For Joe Louis Walker A Change HAS Come, In concert this Friday at Cohoes Music Hall

“Sam Cooke can do “Blowin’ in the Wind” (but) Dylan can’t do ‘A Change Is Gonna Come.’” Joe Louis Walker 

Think about that statement for a moment. Then, think about all the white rockers of the last 70-some years who have co-opted African American music. My dear friend Dennis McNally, The Grateful Dead historian for more than two decades and author of Long Strange Trip, once told me if there were no African American music makers, there would be two American pop songs and both would be boring. Joe Louis Walker who plays the Cohoes Music Hall on Friday is an African American bluesman who is anything but boring.  

On his next album Eclectic Electric to be released on Cleopatra Records November 9th he covers Muddy Waters’ “Two Trains Running” along with Warren Zevon’s “Werewolves of London,” The Eagles’ “Hotel California,” and “Make No Mistake” by Keith Richards and drummer Steve Jordan who appears on the cut and is currently touring with the Stones. There are four originals including “Gone and Alone” with guest guitarist Jimmy Vivino ripping it up behind lyrics about all Walker’s relatives he’s lost. “I tell my children before I’m gone, stay strong.” 

Walker shrugs off the idea that a veteran bluesman like himself doing The Eagles is an anomaly. “The Stones did (Willie Dixon’s) “I Just Wanna Make Love to You” and the Beatles did “You Really Got A Hold on Me and “Roll Over Beethoven.” Musicians have no problem with that. Some of the best songs are remakes. What are the Beatles doing the Everly Brothers for? Because they did it their way!”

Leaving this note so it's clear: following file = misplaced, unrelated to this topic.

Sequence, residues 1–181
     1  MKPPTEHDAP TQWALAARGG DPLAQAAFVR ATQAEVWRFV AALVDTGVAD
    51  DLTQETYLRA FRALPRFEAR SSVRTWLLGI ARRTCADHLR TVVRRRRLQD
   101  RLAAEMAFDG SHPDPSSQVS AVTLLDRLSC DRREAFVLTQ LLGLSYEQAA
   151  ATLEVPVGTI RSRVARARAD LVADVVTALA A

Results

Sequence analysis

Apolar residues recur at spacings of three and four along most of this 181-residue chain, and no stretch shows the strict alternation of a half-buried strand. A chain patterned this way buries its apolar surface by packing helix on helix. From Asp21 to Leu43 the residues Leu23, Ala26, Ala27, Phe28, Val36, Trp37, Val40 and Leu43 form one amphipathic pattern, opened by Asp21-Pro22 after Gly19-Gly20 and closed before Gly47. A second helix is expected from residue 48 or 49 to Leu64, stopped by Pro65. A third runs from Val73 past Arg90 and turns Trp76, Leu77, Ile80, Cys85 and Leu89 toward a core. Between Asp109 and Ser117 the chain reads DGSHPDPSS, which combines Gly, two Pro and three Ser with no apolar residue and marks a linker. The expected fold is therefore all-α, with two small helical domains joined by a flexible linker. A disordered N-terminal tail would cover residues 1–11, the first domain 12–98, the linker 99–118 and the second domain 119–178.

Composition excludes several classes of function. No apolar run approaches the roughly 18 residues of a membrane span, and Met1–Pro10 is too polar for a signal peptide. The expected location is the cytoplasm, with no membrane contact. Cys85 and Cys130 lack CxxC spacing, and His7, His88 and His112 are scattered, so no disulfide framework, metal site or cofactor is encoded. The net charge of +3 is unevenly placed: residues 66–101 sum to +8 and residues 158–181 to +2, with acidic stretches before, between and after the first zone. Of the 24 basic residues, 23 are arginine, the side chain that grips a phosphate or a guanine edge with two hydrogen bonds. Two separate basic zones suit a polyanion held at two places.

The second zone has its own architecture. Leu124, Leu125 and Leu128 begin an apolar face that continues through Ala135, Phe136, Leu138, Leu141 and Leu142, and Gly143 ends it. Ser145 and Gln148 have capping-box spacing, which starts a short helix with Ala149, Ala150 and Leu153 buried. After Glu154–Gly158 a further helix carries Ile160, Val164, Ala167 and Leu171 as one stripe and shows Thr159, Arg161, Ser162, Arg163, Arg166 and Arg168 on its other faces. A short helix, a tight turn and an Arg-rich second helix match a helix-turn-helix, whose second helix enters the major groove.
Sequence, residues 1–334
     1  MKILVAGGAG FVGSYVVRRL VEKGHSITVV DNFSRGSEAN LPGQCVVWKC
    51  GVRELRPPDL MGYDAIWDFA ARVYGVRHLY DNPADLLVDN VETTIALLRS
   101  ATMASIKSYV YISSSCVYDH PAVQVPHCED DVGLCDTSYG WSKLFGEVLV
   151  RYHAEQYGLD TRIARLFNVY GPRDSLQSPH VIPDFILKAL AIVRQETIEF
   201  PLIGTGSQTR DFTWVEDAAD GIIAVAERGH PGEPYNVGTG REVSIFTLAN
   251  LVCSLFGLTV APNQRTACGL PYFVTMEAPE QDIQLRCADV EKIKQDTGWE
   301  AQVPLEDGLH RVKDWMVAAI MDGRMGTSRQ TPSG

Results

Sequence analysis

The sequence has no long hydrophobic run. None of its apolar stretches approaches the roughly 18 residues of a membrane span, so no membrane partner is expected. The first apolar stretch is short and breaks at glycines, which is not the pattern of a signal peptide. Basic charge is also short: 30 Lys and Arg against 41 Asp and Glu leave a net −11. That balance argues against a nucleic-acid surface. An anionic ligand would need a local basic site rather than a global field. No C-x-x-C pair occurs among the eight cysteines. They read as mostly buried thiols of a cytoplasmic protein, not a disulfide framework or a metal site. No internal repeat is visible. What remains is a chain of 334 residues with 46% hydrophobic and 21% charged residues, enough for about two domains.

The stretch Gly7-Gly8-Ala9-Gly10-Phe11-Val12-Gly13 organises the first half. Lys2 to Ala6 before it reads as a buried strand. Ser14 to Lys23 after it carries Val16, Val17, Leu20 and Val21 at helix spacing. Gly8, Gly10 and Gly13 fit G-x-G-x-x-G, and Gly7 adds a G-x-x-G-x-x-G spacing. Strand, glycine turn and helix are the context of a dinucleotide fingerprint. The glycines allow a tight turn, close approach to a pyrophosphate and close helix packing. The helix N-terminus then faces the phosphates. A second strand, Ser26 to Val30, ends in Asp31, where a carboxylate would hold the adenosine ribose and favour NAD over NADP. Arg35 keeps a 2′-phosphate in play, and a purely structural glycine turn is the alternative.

Born in San Francisco on Christmas day, 1949, Walker’s been doing it his way practically from the moment he left the womb. One of five children, he left home at 16 and became the roommate to Mike Bloomfield who 40 years after his death is regarded as THE white blues guitarist who pushed the envelope of post-war electric blues as The Paul Butterfield Band’s lead guitarist. 

“People think that when I met Mike Bloomfield that’s when I started playing guitar,” says Walker today. “(but) I was already known. Michael came to me and heard me play like I heard him play. I just didn’t play in the bigger places like he did. I played the Fillmore Auditorium before the hippies got there, but I was already known. Michael was around young brothers like me a lot. What was bizarre was I had seen Michael a couple of nights before at the Fillmore Auditorium with the Butterfield band, so he blew my mind.  

“Here is the good thing about American music,” Walker explains. “Michael was under the wing of Muddy Waters. There’s pictures of Michael with Sunnyland Slim who loved Michael. Michael was validated by those guys (Sunnyland Slim, Muddy Waters and Howlin’ Wolf.) I was validated by Michael. It wasn’t lost on Michael when I opened up for Muddy. All those guys, they knew what they were doing. They were accepted by guys like Eric Clapton. but I love to say when all those English guys came over, first Muddy and them thought they were the police. Once they found they weren’t the police, usually those guys like the Stones booked the studios. Good move! You knew everything was gonna be taken care of.”